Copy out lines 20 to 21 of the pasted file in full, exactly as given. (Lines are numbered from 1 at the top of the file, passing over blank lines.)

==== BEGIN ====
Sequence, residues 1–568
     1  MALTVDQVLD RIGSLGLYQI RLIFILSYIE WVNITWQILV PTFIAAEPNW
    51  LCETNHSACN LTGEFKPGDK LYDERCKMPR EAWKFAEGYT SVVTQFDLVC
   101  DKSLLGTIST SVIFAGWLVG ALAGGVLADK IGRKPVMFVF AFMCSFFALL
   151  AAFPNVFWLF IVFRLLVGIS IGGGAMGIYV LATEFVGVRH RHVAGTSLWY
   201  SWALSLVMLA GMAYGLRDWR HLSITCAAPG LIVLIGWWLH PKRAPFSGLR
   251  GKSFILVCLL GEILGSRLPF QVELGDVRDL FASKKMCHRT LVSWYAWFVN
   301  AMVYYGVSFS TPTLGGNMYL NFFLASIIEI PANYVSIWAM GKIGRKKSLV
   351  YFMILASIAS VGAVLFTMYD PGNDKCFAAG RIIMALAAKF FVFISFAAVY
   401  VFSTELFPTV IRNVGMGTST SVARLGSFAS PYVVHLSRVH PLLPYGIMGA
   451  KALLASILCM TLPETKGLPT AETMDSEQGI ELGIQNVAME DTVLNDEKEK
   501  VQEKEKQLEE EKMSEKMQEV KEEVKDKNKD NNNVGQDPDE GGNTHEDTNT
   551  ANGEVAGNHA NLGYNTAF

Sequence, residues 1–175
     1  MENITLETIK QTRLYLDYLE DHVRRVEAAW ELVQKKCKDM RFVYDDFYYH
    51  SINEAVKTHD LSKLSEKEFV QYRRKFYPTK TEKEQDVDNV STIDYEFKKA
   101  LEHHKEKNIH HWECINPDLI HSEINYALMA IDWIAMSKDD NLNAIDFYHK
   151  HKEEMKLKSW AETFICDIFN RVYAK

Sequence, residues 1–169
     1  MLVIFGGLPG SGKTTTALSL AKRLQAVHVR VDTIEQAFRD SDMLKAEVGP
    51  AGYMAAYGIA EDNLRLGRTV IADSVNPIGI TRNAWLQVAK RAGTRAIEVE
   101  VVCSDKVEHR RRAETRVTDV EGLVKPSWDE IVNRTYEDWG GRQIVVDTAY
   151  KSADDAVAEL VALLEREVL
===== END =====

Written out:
     1  MLVIFGGLPG SGKTTTALSL AKRLQAVHVR VDTIEQAFRD SDMLKAEVGP
    51  AGYMAAYGIA EDNLRLGRTV IADSVNPIGI TRNAWLQVAK RAGTRAIEVE